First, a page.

This example, at a glance, immediately jumps out at the observer, seeming to be a very handsome plate displaying three characteristics that tend to be highly sought by collectors. It has a distinctive, elaborate body design, bold cobalt and gold coloring, and a central reserve bearing what appears to be a hand painted portrait of delightful children and their pet. A fourth characteristic added to the back of the plate would seem to complete the desirability loop for the avid collector and encourage their desire to purchase this `special' piece for a large sum. On the back is a back-stamp that may suggest to some that Erdmann Schlegelmilch, maker of RS Prussia porcelain, produced the plate.
Royal Vienna marked pieces have been included in collector guides for that type of decorative porcelain because the mark is found on the same mold designs known to have been produced in RS Prussia factories.
Even to those unfamiliar with any specific collector's guide book, however, with the visual characteristics of the front of the plate all seeming `right,' the `Royal Vienna' mark may still be as alluring to them as is the fancy front of the plate. The name may sound familiar. Or the mark may simply assist them in making an immediate and automatic assumption that a quality maker from the dim and distant past must have made the plate. But, this plate (and others like it) is specious and not at all old. In fact, for a very nominal price multiples of this plate, as many as you might want to buy, were available for purchase today, at the time of this writing, from a well-known antiques reproduction wholesale supplier. This plate is a brand-new fake representing yet another wave of porcelain pieces that bear cunning pseudo marks. Perhaps this new mark was created precisely to snare those who over the years have learned to be wary of RS Prussia marked items and ask questions. Buyers of elaborate RS Prussia molds and hand painted portrait or scenic plates may as yet still be unaware to suspect this mark.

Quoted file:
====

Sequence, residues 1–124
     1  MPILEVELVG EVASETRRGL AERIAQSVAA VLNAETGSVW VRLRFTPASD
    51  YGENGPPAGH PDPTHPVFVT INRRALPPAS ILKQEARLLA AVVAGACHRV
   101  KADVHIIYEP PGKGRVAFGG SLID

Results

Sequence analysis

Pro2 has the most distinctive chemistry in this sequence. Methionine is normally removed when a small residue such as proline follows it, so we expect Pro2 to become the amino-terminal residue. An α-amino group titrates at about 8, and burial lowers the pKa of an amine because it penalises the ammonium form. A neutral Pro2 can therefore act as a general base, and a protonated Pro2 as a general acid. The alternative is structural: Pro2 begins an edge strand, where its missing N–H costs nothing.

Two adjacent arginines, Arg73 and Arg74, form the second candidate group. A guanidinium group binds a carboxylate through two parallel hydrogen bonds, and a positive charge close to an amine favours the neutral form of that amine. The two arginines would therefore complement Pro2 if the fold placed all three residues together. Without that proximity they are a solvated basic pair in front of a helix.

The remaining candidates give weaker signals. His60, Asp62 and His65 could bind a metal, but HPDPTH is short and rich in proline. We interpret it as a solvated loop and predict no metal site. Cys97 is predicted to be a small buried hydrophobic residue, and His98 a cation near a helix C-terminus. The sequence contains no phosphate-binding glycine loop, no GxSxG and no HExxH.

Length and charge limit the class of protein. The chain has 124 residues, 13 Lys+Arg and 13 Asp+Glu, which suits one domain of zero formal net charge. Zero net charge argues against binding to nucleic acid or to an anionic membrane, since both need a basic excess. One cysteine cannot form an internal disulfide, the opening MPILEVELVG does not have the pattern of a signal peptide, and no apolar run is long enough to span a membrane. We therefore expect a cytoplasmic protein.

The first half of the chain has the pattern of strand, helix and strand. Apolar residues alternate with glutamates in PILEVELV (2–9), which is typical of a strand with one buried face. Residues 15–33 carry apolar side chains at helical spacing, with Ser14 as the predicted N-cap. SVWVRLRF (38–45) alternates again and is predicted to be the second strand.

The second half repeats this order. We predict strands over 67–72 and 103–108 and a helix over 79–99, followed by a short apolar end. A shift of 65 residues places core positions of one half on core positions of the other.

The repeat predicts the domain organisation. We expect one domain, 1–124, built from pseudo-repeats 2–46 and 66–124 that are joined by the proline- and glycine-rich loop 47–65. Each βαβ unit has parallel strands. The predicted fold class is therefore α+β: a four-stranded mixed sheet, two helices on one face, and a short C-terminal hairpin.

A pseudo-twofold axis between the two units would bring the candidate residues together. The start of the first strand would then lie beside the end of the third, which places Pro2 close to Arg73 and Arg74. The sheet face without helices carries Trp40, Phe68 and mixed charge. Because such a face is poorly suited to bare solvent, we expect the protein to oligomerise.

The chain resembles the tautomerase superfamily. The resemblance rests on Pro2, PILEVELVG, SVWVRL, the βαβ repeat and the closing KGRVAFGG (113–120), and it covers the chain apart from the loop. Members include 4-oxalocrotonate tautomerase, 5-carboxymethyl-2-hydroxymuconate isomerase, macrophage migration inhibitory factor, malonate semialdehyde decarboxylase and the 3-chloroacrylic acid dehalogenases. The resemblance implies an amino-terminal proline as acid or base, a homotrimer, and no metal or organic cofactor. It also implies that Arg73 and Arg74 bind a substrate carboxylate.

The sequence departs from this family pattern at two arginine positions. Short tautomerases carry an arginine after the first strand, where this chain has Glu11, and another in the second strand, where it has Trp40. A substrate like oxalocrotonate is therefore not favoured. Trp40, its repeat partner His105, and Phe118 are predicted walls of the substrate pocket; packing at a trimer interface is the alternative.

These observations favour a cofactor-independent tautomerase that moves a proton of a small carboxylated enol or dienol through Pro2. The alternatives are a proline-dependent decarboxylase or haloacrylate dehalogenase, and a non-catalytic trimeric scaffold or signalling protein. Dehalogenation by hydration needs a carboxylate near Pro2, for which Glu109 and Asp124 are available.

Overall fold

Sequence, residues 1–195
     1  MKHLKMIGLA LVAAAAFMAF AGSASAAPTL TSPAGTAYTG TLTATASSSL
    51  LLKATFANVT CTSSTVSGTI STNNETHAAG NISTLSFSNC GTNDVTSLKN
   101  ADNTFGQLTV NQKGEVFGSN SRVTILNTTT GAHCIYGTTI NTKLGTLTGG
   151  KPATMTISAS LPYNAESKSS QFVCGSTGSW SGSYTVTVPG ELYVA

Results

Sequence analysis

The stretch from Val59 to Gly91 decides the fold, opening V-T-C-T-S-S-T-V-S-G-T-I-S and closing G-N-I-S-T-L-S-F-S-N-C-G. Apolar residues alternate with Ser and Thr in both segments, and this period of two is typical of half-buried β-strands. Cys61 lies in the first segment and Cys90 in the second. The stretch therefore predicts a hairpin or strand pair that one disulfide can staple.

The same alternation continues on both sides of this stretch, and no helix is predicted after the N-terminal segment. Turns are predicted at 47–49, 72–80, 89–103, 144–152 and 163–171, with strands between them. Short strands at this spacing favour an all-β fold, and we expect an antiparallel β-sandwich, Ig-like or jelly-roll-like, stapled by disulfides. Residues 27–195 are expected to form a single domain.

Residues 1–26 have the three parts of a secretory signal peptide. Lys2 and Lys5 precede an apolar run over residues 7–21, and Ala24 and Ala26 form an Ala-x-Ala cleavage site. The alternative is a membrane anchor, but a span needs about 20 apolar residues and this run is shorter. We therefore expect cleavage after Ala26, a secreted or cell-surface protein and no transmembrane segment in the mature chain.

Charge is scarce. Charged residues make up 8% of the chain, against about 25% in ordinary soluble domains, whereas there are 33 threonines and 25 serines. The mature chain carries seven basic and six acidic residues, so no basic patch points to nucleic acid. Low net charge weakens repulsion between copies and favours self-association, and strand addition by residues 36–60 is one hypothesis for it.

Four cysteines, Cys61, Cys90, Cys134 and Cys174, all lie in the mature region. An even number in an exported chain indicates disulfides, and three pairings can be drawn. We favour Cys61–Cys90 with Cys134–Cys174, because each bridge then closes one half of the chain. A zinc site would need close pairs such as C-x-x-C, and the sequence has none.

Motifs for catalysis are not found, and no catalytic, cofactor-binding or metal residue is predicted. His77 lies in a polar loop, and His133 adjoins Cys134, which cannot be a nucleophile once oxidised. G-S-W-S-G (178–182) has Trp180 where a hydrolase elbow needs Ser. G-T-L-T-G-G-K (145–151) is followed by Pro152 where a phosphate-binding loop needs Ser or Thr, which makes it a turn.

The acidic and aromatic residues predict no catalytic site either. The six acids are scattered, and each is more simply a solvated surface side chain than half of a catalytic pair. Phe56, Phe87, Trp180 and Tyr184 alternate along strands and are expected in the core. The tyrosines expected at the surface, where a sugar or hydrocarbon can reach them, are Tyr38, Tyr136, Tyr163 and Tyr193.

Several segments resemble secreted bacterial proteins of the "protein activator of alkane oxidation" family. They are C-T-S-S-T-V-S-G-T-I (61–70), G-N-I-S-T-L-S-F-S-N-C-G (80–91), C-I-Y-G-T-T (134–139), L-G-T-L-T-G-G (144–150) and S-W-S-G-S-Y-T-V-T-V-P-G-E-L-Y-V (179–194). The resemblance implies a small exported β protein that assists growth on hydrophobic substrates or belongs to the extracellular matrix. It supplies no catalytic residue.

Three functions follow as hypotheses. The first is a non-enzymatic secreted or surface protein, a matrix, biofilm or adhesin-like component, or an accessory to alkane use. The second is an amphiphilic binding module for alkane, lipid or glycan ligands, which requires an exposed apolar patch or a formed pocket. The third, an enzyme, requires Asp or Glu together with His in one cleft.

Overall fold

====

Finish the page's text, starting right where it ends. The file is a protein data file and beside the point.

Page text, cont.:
This is not Royal Vienna mark. One should never use a mark alone to judge authenticity of an item. And when considered, the mark itself should at least be scrutinized closely as these are fairly easily faked.
In the case of the mark on this item, the authentic mark used on Royal Vienna porcelain objects always has points on the ends of the orbs. There are five orbs on the authentic crown, each should have a point on the end. The authentic mark is pictured in Capers Notes on the Marks of RS Prussia, page 190, RS 5.3(G) 2., and in Gaston's 4th series page 169, showing the points on the ends of the orbs.
This plate mold, as well, is not a known Royal Vienna mold and was never produced by RS Prussia. The transfer used on this item (it is not hand painted, though often found represented to be) was never used by the RS Prussia factory. Other central transfer are known, though the plate will otherwise look the same.
It is fancy.....and false. So beware.
This plate (sometimes described as a Charger) is fairly substantial in size at 12 inches in diameter.
Illustrations and Characteristics for Help in Identifying Many Confusing New Items
Item listings in this shop are intended to be viewed for educational purposes, only. Items in this shop are not for sale.